4 stars, (Rated PG – for a few sensitive subjects, overall pretty mild)

The Age of Innocence by Edith Wharton

I like to imagine myself as a great literature connoisseur.  I was excited to read this book and add it to my list of well-loved classic novels.  After all it won a Pulitzer Prize, someone must have thought it was fabulous, right?  Let me say, I would like to meet and speak to those people.  I think of all the Pulitzer Prize winning books I have read this year, this has to be the most disappointing. Someone….please….tell me why this book is so great.

Newland Archer is a young man in New York City high society in the 1870’s.  Society has some very strict rules and Archer seems to think they apply to everyone but him.  At the beginning of the book he announces his engagement to the beautiful, young, very innocent May.  May’s cousin the Countess Olenska comes to New York having left her cad of a husband behind in Poland.  May insists that Archer should be kind to the disgraced Countess.  Archer finds himself falling in love with the Countess.  From there he just continues to act like an insipid ass.  The Countess desires a divorce from her husband, which Archer talks her out of, yet he also insists that she not go back to her husband.  All the while he is pressing May to push up their marriage date.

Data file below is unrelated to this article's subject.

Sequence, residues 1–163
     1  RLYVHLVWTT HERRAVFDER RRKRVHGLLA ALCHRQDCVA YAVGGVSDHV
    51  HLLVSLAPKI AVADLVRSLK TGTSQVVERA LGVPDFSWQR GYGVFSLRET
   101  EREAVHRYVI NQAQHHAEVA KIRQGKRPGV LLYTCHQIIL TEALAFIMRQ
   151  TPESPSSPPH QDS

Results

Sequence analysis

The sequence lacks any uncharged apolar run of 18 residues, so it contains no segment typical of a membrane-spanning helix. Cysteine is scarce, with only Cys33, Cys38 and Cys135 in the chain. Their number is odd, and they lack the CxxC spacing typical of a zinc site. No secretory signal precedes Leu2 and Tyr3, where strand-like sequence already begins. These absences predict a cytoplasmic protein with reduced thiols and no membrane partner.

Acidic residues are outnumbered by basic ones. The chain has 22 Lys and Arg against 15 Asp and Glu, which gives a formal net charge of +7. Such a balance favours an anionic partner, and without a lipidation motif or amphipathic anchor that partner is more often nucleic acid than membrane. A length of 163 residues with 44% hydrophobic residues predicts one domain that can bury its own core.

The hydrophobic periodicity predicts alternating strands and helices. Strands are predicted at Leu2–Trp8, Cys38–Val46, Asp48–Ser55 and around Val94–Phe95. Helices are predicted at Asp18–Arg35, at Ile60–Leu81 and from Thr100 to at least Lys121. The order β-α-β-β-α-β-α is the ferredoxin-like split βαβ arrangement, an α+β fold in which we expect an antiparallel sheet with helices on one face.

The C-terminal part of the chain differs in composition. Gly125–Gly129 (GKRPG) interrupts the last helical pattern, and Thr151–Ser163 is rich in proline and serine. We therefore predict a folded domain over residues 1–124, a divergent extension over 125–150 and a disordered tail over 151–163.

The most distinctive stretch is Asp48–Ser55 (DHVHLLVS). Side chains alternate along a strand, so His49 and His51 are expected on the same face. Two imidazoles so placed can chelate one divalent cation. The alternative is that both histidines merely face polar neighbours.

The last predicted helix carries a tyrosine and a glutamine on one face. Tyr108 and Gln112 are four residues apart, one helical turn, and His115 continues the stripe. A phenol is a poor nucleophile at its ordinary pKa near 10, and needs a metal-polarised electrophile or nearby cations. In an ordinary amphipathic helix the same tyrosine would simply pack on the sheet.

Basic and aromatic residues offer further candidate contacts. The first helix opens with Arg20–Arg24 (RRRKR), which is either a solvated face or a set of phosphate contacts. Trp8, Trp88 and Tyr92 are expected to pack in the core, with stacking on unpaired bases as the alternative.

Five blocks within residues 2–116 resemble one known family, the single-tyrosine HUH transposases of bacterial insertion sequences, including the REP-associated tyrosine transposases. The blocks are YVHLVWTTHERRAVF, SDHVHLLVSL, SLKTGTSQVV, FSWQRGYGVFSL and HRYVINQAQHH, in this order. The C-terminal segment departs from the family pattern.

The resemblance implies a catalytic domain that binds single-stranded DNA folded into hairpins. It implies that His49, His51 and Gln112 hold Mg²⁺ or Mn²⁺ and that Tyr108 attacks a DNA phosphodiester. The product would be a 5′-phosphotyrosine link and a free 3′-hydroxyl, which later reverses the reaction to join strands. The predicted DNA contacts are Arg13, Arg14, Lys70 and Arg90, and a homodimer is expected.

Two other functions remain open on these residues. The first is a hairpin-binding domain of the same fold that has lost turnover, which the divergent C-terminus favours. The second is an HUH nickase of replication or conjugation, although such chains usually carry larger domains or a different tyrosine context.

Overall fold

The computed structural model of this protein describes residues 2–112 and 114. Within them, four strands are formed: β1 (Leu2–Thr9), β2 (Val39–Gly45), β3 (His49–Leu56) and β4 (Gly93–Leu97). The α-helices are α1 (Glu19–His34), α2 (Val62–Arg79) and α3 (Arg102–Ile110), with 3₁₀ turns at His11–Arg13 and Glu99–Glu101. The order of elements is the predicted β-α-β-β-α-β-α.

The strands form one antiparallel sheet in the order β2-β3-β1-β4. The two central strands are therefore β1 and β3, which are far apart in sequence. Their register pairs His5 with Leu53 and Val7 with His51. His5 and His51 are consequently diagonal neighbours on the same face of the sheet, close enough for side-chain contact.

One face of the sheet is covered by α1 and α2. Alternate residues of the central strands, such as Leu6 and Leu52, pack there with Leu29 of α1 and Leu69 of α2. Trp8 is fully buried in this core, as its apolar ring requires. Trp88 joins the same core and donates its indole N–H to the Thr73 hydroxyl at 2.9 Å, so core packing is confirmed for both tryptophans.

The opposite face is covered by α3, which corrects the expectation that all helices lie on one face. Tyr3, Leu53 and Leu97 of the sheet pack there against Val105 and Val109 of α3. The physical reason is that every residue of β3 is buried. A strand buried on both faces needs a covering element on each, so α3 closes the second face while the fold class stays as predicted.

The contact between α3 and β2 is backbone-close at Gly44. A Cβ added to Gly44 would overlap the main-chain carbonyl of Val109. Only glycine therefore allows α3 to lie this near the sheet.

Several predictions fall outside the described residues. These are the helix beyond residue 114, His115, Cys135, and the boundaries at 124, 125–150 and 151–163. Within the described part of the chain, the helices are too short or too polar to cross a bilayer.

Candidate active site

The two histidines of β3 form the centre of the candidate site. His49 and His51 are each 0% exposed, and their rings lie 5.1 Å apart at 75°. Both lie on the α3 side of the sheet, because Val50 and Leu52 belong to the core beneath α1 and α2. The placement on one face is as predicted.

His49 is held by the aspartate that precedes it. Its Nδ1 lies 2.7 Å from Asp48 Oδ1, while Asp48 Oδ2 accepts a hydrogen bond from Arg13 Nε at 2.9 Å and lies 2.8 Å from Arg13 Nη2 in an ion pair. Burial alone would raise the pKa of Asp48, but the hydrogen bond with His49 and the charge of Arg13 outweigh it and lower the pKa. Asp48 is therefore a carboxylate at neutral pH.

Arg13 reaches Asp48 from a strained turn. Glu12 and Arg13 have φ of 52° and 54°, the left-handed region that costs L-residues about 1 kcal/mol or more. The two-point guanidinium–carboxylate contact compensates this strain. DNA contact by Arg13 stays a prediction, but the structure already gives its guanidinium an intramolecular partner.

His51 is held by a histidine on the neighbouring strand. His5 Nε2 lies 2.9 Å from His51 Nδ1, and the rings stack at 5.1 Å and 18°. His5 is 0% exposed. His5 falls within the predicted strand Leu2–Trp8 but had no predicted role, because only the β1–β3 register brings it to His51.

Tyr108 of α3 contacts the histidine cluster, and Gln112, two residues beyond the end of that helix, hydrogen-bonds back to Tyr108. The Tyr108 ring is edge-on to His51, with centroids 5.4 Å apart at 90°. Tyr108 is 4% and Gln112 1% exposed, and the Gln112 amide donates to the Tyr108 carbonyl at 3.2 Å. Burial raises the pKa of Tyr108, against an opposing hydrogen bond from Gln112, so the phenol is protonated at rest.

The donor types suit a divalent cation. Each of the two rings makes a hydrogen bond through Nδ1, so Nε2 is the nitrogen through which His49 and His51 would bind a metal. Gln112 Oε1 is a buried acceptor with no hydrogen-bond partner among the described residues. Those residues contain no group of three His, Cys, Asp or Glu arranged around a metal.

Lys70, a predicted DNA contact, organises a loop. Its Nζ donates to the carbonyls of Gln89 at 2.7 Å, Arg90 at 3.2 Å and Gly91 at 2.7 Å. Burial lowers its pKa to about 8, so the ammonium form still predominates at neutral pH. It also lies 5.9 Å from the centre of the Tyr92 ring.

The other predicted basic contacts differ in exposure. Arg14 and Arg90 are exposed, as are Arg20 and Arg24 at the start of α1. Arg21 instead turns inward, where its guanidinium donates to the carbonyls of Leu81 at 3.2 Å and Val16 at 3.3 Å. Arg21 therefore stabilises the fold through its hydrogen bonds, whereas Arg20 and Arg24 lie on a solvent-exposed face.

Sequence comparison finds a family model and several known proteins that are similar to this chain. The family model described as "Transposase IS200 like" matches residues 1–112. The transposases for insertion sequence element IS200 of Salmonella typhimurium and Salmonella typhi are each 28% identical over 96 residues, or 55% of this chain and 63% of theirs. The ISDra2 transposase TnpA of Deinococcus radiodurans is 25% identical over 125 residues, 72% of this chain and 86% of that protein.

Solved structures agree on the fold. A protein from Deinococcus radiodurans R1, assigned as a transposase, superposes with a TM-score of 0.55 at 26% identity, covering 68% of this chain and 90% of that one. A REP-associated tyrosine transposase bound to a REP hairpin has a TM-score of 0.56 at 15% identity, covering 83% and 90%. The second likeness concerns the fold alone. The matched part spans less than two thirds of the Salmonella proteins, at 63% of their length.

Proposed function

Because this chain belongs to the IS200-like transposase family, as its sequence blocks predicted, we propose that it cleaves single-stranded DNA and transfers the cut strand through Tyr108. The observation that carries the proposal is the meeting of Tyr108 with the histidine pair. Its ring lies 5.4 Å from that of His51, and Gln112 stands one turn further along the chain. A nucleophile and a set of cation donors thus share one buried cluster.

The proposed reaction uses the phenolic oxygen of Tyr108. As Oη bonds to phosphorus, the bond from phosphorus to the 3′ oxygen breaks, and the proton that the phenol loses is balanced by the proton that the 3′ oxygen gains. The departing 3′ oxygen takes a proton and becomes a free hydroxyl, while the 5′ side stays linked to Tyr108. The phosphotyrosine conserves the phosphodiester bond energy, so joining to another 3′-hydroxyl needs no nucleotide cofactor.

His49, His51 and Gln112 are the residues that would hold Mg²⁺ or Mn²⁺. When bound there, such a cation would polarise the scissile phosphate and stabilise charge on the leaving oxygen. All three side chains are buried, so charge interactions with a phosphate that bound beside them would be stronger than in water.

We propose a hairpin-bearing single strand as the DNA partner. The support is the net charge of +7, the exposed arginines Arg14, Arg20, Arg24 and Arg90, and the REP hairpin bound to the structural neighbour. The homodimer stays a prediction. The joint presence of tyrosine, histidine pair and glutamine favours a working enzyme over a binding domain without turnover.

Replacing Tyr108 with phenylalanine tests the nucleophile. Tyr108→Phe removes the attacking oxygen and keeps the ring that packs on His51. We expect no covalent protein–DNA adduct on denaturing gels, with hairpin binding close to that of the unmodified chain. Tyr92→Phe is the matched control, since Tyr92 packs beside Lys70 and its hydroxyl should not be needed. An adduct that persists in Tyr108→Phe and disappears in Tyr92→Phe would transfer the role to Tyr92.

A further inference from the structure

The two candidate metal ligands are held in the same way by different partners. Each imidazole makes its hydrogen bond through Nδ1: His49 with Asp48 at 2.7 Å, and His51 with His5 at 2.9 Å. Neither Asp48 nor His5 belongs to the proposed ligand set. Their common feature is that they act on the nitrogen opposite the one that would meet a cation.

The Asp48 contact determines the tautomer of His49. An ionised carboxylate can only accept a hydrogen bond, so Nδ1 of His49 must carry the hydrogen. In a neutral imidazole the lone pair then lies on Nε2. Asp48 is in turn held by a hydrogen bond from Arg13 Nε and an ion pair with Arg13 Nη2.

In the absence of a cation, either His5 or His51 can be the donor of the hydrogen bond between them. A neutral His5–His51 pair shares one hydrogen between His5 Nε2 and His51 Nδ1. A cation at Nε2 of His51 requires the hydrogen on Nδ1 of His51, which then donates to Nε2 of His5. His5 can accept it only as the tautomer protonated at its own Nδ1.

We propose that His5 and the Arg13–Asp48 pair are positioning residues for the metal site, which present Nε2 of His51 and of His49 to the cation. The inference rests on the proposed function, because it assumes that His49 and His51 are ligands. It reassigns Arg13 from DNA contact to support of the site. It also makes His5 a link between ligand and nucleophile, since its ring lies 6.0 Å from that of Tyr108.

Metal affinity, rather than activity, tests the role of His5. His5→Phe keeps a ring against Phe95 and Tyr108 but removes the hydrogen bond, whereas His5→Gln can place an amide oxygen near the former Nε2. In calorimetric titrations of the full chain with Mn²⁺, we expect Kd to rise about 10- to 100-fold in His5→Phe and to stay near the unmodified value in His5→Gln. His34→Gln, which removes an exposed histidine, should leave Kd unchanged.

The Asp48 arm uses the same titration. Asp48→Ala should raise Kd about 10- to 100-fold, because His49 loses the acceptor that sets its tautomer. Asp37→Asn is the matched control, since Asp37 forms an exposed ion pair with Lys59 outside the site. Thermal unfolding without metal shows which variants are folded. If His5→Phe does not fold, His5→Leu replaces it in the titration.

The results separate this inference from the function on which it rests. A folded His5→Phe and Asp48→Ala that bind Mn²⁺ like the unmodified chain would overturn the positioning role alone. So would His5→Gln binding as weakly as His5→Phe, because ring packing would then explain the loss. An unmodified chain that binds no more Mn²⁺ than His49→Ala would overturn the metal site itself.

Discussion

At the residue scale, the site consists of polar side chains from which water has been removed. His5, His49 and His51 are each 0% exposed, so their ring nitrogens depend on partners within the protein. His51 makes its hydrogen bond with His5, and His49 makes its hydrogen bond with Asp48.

I don’t get it!  I couldn’t seem to care about any of the characters as they all seemed to have no spine.  The only person I liked at all was the demanding grandmother. 

2 stars (Rated PG – for adult themes)

Sunday, September 11, 2011

The Grief of Others by Leah Hager Cohen

When John and Ricky Ryrie‘s third child lives only fifty-seven hours they are thrown into a tailspin of grief.  They along with their other children 14year-old Paul and 10 year-old Biscuit strive to continue along normally, almost ignoring the birth and death of Simon.  When Biscuit’s truancy from school and odd antics become an issue, they must all deal with the feelings that have been hidden deep inside.  They realize that they can no longer mourn alone, but must come together to heal.

Ms. Cohen does a great job of wrapping the emotions and difficulties of grief with lyrical prose and an engaging story.  At the end of the book there is an essay she wrote on grief that ends with this question, “Isn’t it a funny and a fine thing to realize that: being whole nearly always requires not just the tending of ourselves, but the tending of our bonds with others?”

I received this book as an uncorrected proof. The final version of this book may vary.

4 Stars (Rated R - Brief explict sex and language)